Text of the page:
From the Everett Herald:
We all patronize our local small businesses. Owned and operated by our neighbors, they provide our coffee, sandwiches and the small things to fix up our homes. They fix up our cars, and sell us bicycles and books. Most of all, they create the web of neighborhoods and community.
One thing that irks small businesses is the business tax. It is not a high rate, but it is onerous: You have to pay it even when you lose money. The large corporations have figured out tax loopholes and avoidance schemes so that their proportion of state and local taxes is about half that paid by small businesses.
So if you run a small business, and you are offered an exemption from paying the business tax, would you turn it down?
This time is the time of year when the semi-annual property tax bill comes due. Property taxes are crucial for public services, for fire protection, public safety, schools, roads, and most of the things we take for granted because we don’t pay for them directly. But these taxes weigh heavily on homeowners and businesses, especially in the middle of this great recession. So as a property owner, if you were offered a cut in your property taxes, would you reject that?
If you are a parent and your kids are in public school, you are probably worried about the cutbacks in education. Class sizes are going up, courses in high school are disappearing, and you’re wondering if your kids are getting shortchanged for their future. If you have lost your health coverage, you are probably hoping that the funding for Basic Health will increase, so that you can get coverage before something bad happens. So if you were offered a way to decrease class sizes and expand health coverage, would you look the other way?
In all three instances, you might. That would be a bad case of ideological blindness trumping common sense. But it does seem too good to be true. How could we exempt four-fifths of all businesses from the business tax? How could we afford an across-the-board cut in the property tax for homeowners and businesses? How could we come up with the extra money for education and health?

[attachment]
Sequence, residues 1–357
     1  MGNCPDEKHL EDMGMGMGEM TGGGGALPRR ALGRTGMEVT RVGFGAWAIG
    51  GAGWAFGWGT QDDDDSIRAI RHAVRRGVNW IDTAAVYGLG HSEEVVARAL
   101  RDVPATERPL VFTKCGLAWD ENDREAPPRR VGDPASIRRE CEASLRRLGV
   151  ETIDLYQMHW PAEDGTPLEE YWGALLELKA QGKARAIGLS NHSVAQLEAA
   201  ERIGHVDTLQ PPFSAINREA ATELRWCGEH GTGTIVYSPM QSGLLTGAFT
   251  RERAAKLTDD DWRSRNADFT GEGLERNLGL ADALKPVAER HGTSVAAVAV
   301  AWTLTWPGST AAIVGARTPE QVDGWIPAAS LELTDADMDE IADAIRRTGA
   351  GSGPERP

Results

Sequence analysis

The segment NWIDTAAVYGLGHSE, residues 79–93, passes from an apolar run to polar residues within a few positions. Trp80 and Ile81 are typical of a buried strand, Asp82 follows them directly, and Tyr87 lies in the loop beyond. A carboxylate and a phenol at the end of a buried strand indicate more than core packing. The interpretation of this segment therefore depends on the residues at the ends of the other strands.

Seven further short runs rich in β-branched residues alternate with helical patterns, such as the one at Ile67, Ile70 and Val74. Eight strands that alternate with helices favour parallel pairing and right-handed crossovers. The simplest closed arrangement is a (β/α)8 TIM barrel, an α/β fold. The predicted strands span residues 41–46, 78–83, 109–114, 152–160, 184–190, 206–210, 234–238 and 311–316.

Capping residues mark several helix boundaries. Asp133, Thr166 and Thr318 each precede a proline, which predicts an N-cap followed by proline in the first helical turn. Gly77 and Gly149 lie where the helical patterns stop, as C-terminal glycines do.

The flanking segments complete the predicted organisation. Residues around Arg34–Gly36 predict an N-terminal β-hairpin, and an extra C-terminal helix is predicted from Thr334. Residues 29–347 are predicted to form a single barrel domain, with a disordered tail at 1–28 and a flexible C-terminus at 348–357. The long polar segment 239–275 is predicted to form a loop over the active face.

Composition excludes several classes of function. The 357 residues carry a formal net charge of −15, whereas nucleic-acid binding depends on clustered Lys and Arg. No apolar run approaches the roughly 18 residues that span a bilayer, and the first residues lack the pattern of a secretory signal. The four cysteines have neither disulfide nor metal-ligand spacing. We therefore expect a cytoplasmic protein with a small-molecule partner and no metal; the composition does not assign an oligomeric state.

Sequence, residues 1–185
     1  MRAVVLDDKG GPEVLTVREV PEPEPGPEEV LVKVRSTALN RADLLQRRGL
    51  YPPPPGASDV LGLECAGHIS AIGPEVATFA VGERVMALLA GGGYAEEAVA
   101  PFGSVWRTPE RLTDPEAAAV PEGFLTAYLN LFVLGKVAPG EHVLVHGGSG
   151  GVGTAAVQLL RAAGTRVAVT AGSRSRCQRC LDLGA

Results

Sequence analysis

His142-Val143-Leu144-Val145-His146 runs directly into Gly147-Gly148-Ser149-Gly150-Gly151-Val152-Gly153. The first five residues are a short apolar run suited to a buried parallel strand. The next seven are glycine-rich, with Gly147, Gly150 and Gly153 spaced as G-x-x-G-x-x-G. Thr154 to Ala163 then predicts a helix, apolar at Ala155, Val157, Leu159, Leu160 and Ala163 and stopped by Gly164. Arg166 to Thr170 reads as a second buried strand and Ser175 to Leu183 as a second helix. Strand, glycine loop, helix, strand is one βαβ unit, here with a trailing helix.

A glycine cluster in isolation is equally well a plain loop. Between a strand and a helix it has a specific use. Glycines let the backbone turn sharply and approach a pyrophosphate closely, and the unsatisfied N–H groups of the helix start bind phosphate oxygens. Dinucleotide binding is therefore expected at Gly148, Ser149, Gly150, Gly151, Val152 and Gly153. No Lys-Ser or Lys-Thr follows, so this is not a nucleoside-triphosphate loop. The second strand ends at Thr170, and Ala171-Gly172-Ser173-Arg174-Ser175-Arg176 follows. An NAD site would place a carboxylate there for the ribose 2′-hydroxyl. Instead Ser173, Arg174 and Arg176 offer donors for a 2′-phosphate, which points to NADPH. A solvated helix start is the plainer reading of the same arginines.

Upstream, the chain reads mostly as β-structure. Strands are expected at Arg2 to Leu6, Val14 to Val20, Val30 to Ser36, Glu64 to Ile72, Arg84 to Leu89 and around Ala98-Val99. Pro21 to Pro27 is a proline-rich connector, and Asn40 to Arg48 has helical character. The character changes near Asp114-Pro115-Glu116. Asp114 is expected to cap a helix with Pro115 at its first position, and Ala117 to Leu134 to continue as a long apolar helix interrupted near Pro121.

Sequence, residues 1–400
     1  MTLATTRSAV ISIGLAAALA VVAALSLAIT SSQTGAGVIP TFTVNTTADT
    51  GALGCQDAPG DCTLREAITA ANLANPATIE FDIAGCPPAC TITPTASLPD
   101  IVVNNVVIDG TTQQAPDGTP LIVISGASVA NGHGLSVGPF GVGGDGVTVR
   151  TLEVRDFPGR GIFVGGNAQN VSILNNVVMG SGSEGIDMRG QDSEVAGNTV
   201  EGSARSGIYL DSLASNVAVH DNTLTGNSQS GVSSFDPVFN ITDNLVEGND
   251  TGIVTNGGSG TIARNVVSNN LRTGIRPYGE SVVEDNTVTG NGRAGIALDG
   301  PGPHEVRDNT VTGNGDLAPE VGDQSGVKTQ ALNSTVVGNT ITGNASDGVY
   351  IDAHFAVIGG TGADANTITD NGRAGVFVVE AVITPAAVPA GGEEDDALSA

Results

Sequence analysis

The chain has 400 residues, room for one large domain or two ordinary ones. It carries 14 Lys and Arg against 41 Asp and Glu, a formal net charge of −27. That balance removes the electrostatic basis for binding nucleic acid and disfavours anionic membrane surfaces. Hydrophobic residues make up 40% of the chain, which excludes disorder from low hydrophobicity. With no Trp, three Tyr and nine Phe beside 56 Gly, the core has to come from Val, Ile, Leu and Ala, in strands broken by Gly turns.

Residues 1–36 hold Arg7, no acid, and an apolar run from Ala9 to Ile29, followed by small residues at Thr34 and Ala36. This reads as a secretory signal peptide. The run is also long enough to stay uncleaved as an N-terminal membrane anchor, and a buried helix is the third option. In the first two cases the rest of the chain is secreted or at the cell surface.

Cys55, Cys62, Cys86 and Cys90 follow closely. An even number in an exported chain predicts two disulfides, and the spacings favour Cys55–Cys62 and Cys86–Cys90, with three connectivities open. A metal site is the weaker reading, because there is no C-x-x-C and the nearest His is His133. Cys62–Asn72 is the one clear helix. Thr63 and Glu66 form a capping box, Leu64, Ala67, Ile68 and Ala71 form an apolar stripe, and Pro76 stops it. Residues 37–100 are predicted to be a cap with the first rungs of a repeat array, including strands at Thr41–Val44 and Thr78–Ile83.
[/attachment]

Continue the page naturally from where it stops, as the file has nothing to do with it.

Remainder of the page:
It’s possible because in our state we have excused the wealthy from paying a fair portion of their income to support public services. While middle class families pay about 11 percent of their income in state and local taxes, and low income families pay about 17 percent, the families in between the 95th percentile and 99th percentile of income pay less than 5 percent and the top 1 percent of families pay only 2.6 percent. That means middle class families pay quadruple the tax rate of the very wealthy.
Can we put all these pieces together to create a common sense solution? The people behind Initiative 1098, and I am one of them, think so. What does this initiative do? It cuts property taxes. In Snohomish County, that means on average a $127 cut in property taxes for families and a $445 cut in property taxes for businesses. The initiative also eliminates the business tax for the vast majority of businesses, leaving the current tax in place only for the top one-thirteenth of businesses.
It brings in $1 billion of new public revenue, dedicated to education, expansion of Basic Health, public health and long-term care for the disabled and elderly.
Where is the magic?
The magic is in the beginnings of a fair tax structure. Initiative 1098 puts in place an income tax on the wealthy, the top 3 percent of families in our state, those with incomes in excess of $400,000 a year. It is not a big tax. For a family making $500,000, it amounts to $4,382 in net taxes, or less than 1 percent of their income. For a family making $1 million, it amounts to less than 3 percent of income. Put all these contributions together from the wealthiest 3 percent of families, and we have enough for the property and business tax cuts and expansion of education and health care.
So this may be a good idea, but can it win? A poll by KING-TV showed 66 percent support for this approach. We’ll see how that holds up.
We can put on our ideological and no-can-do blinders and dismiss Initiative 1098, or we can engage in a vital discussion for our democracy. I am rooting for the latter.
*UPDATE 05/21/2010: Because Initiative 1077 has been refiled and renumbered as Initiative 1098 since this article was first published, the title and references to the initiative number have been updated; the content is otherwise the same.
Looking for more information about Initiative 1098? Visit the Economic Opportunity Institute website.
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